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No Urge to Merge

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Easy

I often dress in a way that identifies me, in the West at least, as a devotee of Lord Krishna. But when I’m asked, “Are you a Hindu?” I’m never ready to reply with an unequivocal “Yes!”

Why is that? As a member of the Hare Krishna movement, I, like Hindus, accept the Vedic literature as the best source of knowledge, especially spiritual knowledge. And I’m a disciple of Srila Prabhupada, who gave his life to spread the teachings of Bhagavad-gita, “the Hindu scripture.” So why am I uneasy with the label “Hindu”?

You’ll find one important reason if you look up “Hinduism” in any number of reference books: the goal of Hinduism is usually stated to be “to merge with the One.”

Well, that’s not my goal. I bristle when I hear it, as does any aspiring Vaishnava. Prabodhananda Sarasvati, a great devotee in our line, said that for him, merging with God would be worse than life in hell. Why? Because in hell he would be able to serve Krishna by remembering Him, chanting His names, and so on. Service to Krishna is the devotee’s life; the thought of losing that service is unbearable.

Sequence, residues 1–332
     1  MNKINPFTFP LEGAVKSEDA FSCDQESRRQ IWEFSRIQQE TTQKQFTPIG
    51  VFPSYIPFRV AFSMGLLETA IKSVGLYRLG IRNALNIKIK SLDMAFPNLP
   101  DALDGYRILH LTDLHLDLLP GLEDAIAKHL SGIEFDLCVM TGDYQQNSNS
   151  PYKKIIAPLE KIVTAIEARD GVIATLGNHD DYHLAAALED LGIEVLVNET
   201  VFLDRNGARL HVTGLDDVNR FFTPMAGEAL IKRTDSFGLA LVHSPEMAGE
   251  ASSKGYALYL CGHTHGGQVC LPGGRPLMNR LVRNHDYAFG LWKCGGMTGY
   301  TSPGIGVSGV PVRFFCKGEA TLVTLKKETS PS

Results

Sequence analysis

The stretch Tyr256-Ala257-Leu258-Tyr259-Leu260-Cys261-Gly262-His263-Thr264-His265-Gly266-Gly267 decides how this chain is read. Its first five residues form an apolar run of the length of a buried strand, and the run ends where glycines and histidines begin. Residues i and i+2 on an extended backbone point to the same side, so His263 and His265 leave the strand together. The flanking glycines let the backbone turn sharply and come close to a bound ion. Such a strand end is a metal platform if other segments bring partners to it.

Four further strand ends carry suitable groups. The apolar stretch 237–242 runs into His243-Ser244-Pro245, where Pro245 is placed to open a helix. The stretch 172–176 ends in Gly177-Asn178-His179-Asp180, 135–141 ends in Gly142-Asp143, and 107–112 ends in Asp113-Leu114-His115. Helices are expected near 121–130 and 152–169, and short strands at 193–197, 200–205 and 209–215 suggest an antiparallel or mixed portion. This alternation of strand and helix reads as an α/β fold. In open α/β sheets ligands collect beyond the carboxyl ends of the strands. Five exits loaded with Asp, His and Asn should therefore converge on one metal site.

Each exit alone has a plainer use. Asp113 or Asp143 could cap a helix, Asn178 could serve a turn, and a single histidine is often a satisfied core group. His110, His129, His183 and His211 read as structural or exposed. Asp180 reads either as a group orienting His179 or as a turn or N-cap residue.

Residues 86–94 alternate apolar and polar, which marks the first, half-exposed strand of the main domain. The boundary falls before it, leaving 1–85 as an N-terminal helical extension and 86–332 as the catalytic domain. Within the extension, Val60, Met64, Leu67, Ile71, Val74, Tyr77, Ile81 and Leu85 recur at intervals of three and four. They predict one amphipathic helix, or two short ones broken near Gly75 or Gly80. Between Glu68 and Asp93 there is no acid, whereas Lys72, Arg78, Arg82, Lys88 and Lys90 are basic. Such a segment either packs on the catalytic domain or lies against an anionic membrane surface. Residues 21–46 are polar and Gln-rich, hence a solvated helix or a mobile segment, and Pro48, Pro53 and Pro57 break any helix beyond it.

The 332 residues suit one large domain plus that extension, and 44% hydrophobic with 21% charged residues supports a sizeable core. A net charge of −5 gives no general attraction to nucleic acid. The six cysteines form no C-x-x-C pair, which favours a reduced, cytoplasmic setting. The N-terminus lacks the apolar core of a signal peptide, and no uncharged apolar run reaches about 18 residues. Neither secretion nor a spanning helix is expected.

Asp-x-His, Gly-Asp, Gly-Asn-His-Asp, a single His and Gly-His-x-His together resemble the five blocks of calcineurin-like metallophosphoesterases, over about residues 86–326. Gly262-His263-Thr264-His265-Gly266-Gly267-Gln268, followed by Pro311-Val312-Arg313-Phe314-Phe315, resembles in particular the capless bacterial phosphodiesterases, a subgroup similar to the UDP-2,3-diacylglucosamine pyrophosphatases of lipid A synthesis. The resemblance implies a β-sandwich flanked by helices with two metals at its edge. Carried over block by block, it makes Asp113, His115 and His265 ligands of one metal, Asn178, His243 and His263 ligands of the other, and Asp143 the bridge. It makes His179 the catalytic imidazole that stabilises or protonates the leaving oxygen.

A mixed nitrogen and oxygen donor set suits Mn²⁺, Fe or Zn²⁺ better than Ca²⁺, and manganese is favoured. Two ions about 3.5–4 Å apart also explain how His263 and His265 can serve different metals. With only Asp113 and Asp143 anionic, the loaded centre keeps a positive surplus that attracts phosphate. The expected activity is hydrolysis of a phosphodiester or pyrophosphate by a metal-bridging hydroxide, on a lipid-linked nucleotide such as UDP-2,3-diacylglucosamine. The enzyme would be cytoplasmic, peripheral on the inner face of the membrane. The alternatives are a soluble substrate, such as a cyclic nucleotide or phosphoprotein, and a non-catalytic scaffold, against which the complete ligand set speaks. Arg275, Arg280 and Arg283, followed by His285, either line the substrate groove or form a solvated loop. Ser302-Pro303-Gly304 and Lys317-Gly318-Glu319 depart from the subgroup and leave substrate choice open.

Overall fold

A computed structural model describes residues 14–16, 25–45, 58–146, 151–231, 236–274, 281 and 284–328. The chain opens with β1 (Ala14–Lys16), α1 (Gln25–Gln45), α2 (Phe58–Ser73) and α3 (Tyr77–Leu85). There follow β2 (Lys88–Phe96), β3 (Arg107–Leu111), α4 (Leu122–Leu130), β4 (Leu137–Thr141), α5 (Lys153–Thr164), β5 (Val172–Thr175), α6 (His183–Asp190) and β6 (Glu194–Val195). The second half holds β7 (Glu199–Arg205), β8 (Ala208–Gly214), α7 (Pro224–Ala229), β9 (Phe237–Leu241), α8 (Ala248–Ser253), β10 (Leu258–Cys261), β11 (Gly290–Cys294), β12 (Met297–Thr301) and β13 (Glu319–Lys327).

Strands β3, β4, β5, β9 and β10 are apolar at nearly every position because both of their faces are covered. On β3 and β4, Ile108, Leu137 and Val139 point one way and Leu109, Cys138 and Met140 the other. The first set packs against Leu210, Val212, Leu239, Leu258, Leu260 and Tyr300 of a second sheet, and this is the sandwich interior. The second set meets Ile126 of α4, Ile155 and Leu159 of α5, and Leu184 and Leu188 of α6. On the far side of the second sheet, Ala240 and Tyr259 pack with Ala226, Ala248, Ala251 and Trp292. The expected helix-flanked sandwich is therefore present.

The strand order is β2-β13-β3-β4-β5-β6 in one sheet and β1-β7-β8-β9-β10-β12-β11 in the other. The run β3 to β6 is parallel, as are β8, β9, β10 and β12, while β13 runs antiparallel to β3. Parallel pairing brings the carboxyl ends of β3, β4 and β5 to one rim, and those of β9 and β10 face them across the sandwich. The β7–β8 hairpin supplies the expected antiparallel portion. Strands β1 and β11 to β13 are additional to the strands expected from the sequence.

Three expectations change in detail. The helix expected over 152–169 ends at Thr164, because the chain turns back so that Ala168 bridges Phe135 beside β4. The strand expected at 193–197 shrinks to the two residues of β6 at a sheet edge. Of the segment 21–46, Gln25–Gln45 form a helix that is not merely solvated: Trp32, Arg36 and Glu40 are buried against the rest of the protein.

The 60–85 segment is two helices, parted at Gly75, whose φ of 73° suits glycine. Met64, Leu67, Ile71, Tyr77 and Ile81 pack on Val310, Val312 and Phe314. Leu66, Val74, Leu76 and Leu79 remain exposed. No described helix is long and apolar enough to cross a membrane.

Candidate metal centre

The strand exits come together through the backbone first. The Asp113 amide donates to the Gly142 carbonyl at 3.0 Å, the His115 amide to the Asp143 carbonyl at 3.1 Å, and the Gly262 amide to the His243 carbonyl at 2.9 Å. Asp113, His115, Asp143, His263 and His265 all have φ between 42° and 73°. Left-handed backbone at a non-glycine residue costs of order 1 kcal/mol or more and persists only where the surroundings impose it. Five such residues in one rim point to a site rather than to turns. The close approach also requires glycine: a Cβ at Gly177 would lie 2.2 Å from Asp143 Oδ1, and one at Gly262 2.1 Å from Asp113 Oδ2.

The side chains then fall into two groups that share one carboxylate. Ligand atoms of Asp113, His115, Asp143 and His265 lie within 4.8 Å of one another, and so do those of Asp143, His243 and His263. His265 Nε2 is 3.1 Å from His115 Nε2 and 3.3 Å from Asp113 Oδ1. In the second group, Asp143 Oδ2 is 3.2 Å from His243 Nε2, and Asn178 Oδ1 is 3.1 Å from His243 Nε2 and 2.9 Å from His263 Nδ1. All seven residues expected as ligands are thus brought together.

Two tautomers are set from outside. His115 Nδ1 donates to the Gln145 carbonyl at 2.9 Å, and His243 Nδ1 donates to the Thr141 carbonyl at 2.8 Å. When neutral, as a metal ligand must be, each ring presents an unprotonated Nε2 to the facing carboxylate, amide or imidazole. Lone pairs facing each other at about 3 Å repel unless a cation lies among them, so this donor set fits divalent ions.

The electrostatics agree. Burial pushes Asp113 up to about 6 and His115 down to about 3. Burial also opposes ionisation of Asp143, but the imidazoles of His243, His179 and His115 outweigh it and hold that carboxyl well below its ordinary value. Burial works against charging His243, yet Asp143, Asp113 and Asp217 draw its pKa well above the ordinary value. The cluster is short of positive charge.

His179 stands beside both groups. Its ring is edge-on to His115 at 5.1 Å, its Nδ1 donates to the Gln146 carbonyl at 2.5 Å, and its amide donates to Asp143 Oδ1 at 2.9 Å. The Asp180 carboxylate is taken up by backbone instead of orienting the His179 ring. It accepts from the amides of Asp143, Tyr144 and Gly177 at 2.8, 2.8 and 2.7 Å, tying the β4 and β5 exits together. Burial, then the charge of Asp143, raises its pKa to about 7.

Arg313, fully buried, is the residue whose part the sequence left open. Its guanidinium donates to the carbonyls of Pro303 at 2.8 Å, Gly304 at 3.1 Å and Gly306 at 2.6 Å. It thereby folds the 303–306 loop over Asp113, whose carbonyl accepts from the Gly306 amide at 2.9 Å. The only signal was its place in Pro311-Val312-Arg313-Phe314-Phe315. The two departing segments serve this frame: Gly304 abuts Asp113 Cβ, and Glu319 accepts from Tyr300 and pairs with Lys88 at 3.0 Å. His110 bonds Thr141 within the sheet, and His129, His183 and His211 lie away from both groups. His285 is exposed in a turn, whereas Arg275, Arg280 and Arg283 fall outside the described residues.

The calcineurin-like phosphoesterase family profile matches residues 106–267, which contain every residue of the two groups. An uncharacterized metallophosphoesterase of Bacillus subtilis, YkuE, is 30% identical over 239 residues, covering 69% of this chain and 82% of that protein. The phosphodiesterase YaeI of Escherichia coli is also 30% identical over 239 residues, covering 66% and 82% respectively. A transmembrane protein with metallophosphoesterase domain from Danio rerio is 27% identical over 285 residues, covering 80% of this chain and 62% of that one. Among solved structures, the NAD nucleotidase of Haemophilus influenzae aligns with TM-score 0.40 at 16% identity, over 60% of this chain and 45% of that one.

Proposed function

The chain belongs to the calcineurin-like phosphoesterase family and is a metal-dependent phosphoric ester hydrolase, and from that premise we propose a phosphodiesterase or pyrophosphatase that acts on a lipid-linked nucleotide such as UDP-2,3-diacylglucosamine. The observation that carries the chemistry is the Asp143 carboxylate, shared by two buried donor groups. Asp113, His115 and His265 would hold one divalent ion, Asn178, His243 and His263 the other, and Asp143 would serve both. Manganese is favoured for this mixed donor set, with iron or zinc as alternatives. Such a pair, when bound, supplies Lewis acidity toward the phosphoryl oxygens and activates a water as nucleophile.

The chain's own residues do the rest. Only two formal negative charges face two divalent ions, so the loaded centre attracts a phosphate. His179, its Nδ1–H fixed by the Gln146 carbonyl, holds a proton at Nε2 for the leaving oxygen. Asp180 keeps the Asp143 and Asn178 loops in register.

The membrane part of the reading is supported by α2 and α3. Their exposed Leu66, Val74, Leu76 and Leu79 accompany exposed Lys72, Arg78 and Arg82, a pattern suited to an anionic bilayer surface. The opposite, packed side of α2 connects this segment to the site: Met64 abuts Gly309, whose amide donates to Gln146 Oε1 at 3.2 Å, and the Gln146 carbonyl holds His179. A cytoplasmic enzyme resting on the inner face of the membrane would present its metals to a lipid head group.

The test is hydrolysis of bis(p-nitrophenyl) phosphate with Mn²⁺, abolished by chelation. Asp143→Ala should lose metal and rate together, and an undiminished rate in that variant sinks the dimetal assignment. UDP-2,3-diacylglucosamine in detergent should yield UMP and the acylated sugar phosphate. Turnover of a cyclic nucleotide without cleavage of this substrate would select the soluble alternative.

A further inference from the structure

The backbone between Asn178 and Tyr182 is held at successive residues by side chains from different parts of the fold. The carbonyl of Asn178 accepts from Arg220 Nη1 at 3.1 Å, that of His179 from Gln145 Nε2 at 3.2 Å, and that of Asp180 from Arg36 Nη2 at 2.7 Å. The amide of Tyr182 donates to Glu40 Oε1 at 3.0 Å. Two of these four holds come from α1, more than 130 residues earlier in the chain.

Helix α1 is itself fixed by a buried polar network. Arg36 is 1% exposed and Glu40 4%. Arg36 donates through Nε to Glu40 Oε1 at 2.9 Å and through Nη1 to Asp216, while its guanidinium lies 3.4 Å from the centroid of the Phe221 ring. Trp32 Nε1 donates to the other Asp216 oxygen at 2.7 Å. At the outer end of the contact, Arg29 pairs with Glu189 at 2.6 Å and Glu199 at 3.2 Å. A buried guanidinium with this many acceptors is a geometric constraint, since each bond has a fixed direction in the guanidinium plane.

Consider Krishna’s greatest devotees, the cowherd girls of Vrindavana. They’re so captivated by seeing Krishna that they want to curse Brahma, the creator, for making eyes that blink. They can’t bear to lose the sight of Krishna for even a moment. Merge with Krishna? Never.

Some followers of the Vedas argue that all this devotion to Krishna, however intense, is temporary, a means to the real goal, which is to merge. A common claim is that bhakti is one of many paths. Accept bhakti if you like, but merging is the final goal.

But in the Bhagavad-gita (15.7) Krishna says that we jivas, minute souls, are eternally His parts (amsha). Earlier, in verse 2.12, He says that He, Arjuna, and all the soldiers on the battlefield exist as individuals in the past, present, and future.

Once, when Srila Prabhupada was speaking with a man in South India who was following the path of bhakti to attain “oneness,” Prabhupada kept emphatically repeating a line from Bhagavad-gita (9.14): nitya- yukta upasate—“engaged in My worship perpetually.” True devotees of the Lord never give up worshiping Him.

Various arguments are put forward to support the idea that bhakti should end in merging. The most despicable for devotees is the claim that one must merge into the unknowable beyond Krishna because Krishna is a product of the material energy. Of course, if Krishna is part of the material world, then there is no question of having an eternal relationship with Him. Ultimately, Krishna is not real, and any relationship with Him is only an illusion.

Krishna soundly refutes this idea in many places in the Gita, perhaps most notably in verse 7.6: “There is no truth superior to Me.” Again, in 10.8, He says, “I am the source of all material and spiritual worlds.”

True to the mood of his spiritual predecessors, Srila Prabhupada presented the direct meaning of Krishna’s words, without interpretation. Despite what your encyclopedia might say, Prabhupada—with “the Hindu scripture” in hand—awakened in people’s hearts not the urge to merge, but eternal devotion to Lord Krishna.